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New Fossil Computer Game Teaches Science, Math Fundamentals

September 26, 2016

Feature image.
Fossilized sloth dung is a special fossil find in the new computer simulation game Fossil Finder!

KNOXVILLE—Dig for fossils and learn about geologic time with a new computer game developed by undergraduate students at the National Institute for Mathematical and Biological Synthesis (NIMBioS).

Primarily aimed for students in grades 6-8, Fossil Finder! teaches the fundamentals of scientific notation, exponents as well as the concepts of geological time scales and the increasing complexity of life over time. Players travel in a mining elevator at a fossil excavation site to collect fossils from different geologic periods. While they race against the clock to dig through rock and find fossils, they must convert whole number years to scientific notation and vice versa in order to move their mining elevator between corresponding rock layers.

Played on a web browser, the computer simulation game was developed by three undergraduate students and their faculty mentors during an eight-week summer research program at NIMBioS. Another game, Cambrian Sea Explorer, which introduces players to the evolutionary history of biodiversity, is under development.

"The idea is to offer children novel learning experiences that are structured as entertaining games rather than merely tutorials and exercises," explained University of Tennessee, Knoxville, biology professor Susan Riechert, who was one of the mentors on the project.

Fossil Finder! Co-creators.
Fossil Finder! co-creators include, from left, Michael Jantz, Susan Riechert, Jacob Miller, Howsikan Kugathasan, Samuel Iselin and Kelly Sturner.

"If a kid plays our games and it makes him or her want to learn more about science, then I would be pretty happy about that," said co-creator Jacob Miller, a senior in math and computer science at the University of Kentucky.

Fossil Finder! co-creators are also Samuel Iselin, a math major at Valparaiso University, and Howsikan Kugathasan, a math major at Fisk University. In addition to Riechert, the other mentors are Michael Jantz, a UT assistant professor in computer science, and Kelly Sturner, NIMBioS Education & Outreach Coordinator.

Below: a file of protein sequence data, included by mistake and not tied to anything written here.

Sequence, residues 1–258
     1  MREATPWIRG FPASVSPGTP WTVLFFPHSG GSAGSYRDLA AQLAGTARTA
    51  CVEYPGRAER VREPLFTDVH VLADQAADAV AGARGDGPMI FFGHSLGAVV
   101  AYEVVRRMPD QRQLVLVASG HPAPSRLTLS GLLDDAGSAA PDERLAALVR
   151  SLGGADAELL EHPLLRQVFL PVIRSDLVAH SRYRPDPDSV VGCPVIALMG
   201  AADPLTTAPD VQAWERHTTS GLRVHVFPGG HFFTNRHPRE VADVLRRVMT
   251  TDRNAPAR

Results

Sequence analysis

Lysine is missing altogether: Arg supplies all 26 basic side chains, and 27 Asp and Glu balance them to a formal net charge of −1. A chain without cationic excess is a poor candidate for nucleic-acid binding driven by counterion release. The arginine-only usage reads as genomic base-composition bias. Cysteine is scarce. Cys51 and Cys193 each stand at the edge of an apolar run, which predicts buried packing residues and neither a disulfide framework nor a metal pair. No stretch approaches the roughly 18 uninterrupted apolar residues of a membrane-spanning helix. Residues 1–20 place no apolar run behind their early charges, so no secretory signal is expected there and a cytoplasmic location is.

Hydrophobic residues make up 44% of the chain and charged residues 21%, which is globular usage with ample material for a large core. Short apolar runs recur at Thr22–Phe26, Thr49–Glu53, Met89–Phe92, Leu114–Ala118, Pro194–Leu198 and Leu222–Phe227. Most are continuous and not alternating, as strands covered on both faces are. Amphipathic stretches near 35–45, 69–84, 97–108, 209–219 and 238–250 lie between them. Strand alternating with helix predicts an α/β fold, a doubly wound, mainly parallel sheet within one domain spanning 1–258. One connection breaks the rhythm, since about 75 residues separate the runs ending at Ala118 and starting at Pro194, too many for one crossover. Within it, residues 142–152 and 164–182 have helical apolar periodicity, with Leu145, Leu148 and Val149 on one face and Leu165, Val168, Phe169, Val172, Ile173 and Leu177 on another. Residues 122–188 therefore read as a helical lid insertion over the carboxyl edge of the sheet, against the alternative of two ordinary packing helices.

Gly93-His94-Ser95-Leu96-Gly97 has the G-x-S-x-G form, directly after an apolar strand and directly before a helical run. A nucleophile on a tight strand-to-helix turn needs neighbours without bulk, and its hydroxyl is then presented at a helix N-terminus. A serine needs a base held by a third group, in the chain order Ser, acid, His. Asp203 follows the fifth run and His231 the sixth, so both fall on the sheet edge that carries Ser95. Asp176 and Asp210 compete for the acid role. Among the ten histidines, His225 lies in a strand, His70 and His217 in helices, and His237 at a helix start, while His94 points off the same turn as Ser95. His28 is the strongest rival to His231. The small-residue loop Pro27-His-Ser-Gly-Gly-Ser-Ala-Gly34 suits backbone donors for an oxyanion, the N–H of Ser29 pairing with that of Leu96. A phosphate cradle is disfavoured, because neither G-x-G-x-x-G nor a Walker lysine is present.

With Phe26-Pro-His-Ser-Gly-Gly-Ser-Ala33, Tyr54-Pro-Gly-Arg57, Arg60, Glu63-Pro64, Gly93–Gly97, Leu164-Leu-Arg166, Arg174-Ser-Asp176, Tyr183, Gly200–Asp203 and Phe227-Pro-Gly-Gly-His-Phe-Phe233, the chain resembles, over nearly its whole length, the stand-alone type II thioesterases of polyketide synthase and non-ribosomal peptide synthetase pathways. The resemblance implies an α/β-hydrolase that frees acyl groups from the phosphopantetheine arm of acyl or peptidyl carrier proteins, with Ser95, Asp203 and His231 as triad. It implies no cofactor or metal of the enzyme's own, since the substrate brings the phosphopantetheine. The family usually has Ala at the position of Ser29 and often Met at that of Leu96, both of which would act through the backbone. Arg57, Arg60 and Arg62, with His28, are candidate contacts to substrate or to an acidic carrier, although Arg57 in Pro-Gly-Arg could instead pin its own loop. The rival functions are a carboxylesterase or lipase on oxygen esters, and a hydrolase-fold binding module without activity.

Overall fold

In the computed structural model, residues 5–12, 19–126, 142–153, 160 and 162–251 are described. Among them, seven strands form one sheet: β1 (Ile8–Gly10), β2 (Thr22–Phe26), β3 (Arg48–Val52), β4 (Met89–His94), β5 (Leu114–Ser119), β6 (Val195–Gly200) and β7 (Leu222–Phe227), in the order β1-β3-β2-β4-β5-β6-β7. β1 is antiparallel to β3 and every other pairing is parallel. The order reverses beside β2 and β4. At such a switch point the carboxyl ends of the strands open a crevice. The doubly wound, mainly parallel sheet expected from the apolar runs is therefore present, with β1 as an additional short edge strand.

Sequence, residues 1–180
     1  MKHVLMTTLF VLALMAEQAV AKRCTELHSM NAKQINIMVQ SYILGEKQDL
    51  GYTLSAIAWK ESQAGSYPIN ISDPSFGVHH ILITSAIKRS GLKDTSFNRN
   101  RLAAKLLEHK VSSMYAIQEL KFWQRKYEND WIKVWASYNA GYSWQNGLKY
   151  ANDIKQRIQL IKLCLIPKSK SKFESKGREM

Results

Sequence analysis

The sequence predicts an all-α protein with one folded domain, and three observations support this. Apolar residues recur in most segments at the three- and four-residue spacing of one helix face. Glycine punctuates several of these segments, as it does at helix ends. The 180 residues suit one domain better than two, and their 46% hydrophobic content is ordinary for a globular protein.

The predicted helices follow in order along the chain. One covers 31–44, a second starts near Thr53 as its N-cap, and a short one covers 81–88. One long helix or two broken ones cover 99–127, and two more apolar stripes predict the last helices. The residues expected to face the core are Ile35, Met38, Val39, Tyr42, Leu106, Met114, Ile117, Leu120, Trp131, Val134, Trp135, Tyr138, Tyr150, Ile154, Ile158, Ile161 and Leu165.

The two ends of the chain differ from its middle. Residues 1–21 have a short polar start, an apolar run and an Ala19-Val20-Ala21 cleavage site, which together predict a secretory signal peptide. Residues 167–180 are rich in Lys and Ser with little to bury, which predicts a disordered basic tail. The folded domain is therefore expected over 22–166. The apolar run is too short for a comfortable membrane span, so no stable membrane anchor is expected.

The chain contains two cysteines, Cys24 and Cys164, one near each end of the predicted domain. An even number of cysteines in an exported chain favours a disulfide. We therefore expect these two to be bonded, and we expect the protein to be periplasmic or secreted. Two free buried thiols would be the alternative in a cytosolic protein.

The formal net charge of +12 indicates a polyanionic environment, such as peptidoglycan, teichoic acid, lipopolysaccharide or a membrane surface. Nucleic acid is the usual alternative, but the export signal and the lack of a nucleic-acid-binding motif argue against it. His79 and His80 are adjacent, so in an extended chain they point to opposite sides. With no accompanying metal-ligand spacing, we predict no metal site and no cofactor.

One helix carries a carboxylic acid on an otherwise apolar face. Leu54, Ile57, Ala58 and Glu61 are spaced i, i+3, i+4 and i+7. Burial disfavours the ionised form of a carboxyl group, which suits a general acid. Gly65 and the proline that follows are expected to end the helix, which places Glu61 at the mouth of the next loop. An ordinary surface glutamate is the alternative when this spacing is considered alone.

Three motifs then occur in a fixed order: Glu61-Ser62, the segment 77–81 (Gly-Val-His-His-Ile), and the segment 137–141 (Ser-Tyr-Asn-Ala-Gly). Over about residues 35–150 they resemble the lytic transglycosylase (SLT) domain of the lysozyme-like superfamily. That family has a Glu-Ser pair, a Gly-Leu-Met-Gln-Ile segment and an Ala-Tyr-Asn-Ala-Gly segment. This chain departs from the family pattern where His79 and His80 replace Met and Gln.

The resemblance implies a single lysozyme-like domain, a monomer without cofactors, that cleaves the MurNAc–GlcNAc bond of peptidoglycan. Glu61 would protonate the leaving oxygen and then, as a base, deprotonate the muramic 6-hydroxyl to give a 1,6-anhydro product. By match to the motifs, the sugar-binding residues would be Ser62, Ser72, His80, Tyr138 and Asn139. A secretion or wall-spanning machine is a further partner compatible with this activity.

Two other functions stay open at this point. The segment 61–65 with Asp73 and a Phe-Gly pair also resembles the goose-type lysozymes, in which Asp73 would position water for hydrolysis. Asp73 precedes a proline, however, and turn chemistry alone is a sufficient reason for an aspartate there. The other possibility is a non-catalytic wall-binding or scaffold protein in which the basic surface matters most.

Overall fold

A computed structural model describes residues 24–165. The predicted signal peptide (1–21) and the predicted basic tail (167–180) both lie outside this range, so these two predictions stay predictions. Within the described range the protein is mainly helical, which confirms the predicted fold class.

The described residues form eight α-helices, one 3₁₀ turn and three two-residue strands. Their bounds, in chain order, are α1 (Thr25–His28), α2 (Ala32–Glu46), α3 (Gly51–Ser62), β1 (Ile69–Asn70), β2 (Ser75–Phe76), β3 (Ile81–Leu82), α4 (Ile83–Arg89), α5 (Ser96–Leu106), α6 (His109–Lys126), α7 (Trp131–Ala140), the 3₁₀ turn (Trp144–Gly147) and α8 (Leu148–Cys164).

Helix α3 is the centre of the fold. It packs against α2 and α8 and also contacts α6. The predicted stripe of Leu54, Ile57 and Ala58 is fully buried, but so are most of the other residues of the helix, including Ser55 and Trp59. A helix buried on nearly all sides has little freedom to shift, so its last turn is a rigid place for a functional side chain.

The game drew inspiration from the Biology in a Box program created by Riechert, which uses hands-on materials to teach integrated science, technology, engineering and math concepts to students in grades K-12. The game will become part of the program, which is used in over 90 school systems in Tennessee, Georgia, Kentucky, North Carolina and Washington, DC.

The game meets both Next Generation Science Standards for learning about unity and diversity in biological evolution and Common Core Mathematics Standards related to integer exponents and numerical expressions used in scientific notation.

The NIMBioS Summer Research Experience brought together a select group of 16 undergraduates from across the country to work on teams conducting research at the interface of math and biology.

Located on the UT campus, NIMBioS fosters new collaborative efforts to investigate biological questions using mathematical and computational methods.

Details about the game and the link to play it can be found at


The National Institute for Mathematical and Biological Synthesis is an NSF-supported center that brings together researchers from around the world to collaborate across disciplinary boundaries to investigate solutions to basic and applied problems in the life sciences.

Catherine Crawley, NIMBioS, +1-865-974-9350,

1122 Volunteer Blvd., Suite 106
University of Tennessee
Knoxville, TN 37996-3410
PH: (865) 974-9334
FAX: (865) 974-9461
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From 2008 until early 2021, NIMBioS was supported by the National Science Foundation through NSF Award #DBI-1300426, with additional support from The University of Tennessee, Knoxville. Any opinions, findings, and conclusions or recommendations expressed in this material are those of the author(s) and do not necessarily reflect the views of the National Science Foundation.
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